Siyang Xu writes a detailed tactical analysis about the Premier League match that ended Liverpool 0-0 Manchester United.
In one of the most anticipated Monday Night Football games in years, José Mourinho reminded his critics of his managerial capabilities with an outstanding, if ugly, defensive performance at Anfield. Limiting a Liverpool side that had scored 28 goals in their last 11 home league matches to just three shots on target was no easy task, even if there was arguably justifiable criticism over Mourinho’s unwillingness to play a more expansive, attacking game.
Liverpool: 1. Karius ; 2. Clyne, 32. Matip, 6. Lovren, 7. Milner; 14. Henderson, 23. Can, 10. Coutinho; 19. Mane, 15. Sturridge, 11. Firmino.
Manchester United: 1. De Gea; 25. Valencia, 3. Bailly, 12. Smalling, 17. Blind; 21. Herrera; 27. Fellaini; 19. Rashford, 6. Pogba, 18. Young; 9. Ibrahimovic
Manchester United’s disruption of Liverpool’s passing game
It was immediately clear from the very early stages that Mourinho’s primary focus was stopping Liverpool from getting into their rhythm by any means possible. United made sure to slow the game down as much as possible from the first whistle, taking as much time over dead ball situations as they could legally get away with. As early as the 8th minute of the match, after Eric Bailly had shielded the ball out of play for a goal kick, he stepped over the ball and simply left it there, waiting for De Gea to walk over and pick it up himself, instead of passing it to De Gea to take the goal kick immediately. Similar delaying tactics were deployed at throw-ins and free kicks; on one occasion, Ashley Young tried to take a quick free kick to catch Liverpool off guard before Mourinho’s screaming on the touchline stopped him in his tracks.
Small fouls were also a key part of United’s plan to keep the ball out of play as much as possible, committing 20 in total (United committed 23 over their previous two games combined, for comparison). Playing with energy and feeding off team mates’ movements is a key part of Liverpool’s attacking phase and by regularly breaking up play in this way, United prevented Liverpool from building any momentum. The strategy also meant that the players were unable to feed off a deflated Anfield crowd, something Mourinho eluded to the importance of in his post-match interview:
“We controlled the game not just tactically but the emotion of the game. That was probably the quietest Anfield I had [managed in].”
Of course, the game still had to be won on the pitch and Man Utd were very successful in their disruption of the Liverpool’s build up play. The team was set up with a passive front two in Zlatan Ibrahimovic and Paul Pogba with man-orientated midfielders and defenders behind them. The front two didn’t look to press the centre backs, but rather protect the middle of the pitch and shut off passing lanes to Jordan Henderson.
Whenever Liverpool’s centre backs tried to play the ball forward with a short pass, the recipient would be immediately pressed by his respective marker from Man Utd. This press was very aggressive, with the defender always getting tight to his man, often attempting to make a tackle and regain possession in the process. Man Utd’s physical dominance over Liverpool in these 50/50 1vs1 situations was of huge help, with the defender often able to out-muscle the player on the ball. Jurgen Klopp spoke of the effectiveness of this aspect of United’s defending:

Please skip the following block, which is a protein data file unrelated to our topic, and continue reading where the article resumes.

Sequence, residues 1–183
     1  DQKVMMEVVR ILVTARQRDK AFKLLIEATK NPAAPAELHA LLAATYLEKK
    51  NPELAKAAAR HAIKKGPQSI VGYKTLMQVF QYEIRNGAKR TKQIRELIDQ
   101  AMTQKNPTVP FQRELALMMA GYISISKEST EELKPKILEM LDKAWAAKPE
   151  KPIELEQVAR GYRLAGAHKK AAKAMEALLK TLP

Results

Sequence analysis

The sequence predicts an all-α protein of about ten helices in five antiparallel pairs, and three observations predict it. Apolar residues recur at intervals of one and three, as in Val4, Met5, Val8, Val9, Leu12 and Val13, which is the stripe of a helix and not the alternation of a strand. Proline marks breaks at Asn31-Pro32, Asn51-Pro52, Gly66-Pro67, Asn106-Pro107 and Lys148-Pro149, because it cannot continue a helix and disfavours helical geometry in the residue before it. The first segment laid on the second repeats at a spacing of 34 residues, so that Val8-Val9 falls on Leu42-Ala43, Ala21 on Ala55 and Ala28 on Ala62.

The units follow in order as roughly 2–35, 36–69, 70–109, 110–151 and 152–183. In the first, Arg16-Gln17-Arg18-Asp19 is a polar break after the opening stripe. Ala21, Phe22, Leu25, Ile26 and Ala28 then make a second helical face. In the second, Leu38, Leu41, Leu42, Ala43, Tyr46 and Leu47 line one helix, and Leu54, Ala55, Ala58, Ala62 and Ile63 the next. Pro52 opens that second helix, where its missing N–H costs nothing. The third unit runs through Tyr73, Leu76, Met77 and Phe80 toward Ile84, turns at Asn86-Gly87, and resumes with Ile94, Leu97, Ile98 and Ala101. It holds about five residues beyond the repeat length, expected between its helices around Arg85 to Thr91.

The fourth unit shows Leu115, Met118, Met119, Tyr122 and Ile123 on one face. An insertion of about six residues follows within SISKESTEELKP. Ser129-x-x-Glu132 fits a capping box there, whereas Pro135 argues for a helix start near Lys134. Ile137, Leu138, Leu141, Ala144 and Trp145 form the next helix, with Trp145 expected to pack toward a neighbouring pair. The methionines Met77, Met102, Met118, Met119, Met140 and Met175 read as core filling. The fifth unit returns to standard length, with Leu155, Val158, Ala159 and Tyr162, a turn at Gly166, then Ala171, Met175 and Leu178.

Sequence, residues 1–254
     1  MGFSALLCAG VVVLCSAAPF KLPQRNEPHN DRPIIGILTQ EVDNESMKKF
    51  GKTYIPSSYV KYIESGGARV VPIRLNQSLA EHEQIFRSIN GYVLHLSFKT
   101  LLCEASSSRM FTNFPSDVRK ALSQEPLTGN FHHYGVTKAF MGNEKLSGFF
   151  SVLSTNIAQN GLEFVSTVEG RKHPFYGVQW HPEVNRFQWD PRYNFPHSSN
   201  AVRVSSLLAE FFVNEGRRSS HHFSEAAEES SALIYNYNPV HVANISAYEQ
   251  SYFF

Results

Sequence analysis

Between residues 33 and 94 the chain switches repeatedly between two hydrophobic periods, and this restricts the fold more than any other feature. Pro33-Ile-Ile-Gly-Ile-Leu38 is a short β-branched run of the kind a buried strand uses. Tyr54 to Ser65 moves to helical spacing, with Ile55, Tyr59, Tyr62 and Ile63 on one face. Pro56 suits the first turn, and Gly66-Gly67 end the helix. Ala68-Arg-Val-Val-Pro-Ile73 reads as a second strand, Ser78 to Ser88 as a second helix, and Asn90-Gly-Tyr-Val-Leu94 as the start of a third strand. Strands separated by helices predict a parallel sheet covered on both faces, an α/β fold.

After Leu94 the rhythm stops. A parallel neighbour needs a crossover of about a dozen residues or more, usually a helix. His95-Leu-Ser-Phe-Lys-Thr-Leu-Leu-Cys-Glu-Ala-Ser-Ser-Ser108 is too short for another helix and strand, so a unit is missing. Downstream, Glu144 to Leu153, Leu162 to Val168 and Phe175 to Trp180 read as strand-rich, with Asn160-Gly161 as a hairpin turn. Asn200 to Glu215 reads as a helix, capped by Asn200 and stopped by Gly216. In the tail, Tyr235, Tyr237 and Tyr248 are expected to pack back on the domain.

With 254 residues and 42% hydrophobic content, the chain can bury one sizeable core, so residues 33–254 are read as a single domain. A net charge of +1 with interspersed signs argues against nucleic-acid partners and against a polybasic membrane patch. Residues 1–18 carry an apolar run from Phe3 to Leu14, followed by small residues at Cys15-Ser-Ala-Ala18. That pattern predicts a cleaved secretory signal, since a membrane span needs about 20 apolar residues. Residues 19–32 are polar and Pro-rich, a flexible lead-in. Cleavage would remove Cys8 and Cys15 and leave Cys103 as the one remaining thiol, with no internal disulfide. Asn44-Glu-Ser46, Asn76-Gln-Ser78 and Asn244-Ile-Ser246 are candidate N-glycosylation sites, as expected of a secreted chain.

“This kind of defence is difficult to play [against]. The man-marking is really difficult, they are stronger than us. We wasted energy in the first half for nothing.”
With Henderson being marked out of the game by Pogba/Ibrahimovic’s cover shadow, he often dropped back to create a situational three at the back in build up.
Despite this 3vs2 advantage, the three players for Liverpool struggled to make good use of the ball. United were clearly very happy for Liverpool to pass it between themselves at the back, with no attempt at pressing until the ball was played to a full back or into midfield. There were perhaps times where United’s front two could have pressed a bit more aggressively as there were certainly opportunities to win the ball high up the pitch, but Mourinho had made it clear that the main focus was ensuring the ball did not pass them into midfield along the floor.
Despite this, the three Liverpool players weren’t even confident of passing between themselves, despite having the extra man (or two, if you include Karius), and often cleared the ball at the first sign of pressure. With more confidence in possession, one of Liverpool’s back three could have carried the ball forward and tried to entice Pogba or Ibrahimovic to make a challenge, in turn drawing him out of position and creating space elsewhere. One of the few times Liverpool were successfully in building from the back was in the second half, when Lovren was able to carry the ball into midfield.
On this occasion, a quick switch of play across the back three meant that Lovren had space to advance forward with the ball. Dejan Lovren was able to make a blind-side run behind Ander Herrera, giving the Spaniard a conundrum of whether to close down Lovren leaving Coutinho free, or to continue marking Coutinho and let Lovren advance. In the end, Herrera chose to press Lovren, who was able to play a pass to Coutinho, now positioned dangerously behind Manchester United’s midfield.
However, instances such as this were extremely rare as Liverpool struggled to pull Ibrahimovic and Pogba out of position to create enough space to carry the ball into midfield. The hosts tried various other methods of trying to build up successfully – for example, Henderson and Can would rotate positions to try and confuse Man Utd’s man markers, or Coutinho would drop deep into almost a left-back position, knowing Herrera would not follow him that far – but they all ultimately failed to progress the ball safely up the pitch. In the end, Liverpool resorted to playing a long ball for most of the game, playing into the hands of Untied’s bigger, stronger side who would win the first and second balls most of the time and regain possession.
Liverpool’s lack of movement and connections
Liverpool’s success thus far this season has mainly been down to their excellent attacking combination play. With all six of Liverpool’s attacking players regularly coming into central areas, Klopp’s men would create central overloads with multiple players positioned between the lines, before playing quick combinations to penetrate the opposition’s defensive block. This would often force the opposition’s midfield to become very narrow, trying to cope with the number of Liverpool players in the middle, leaving space for Clyne and Milner to bomb into on the wings.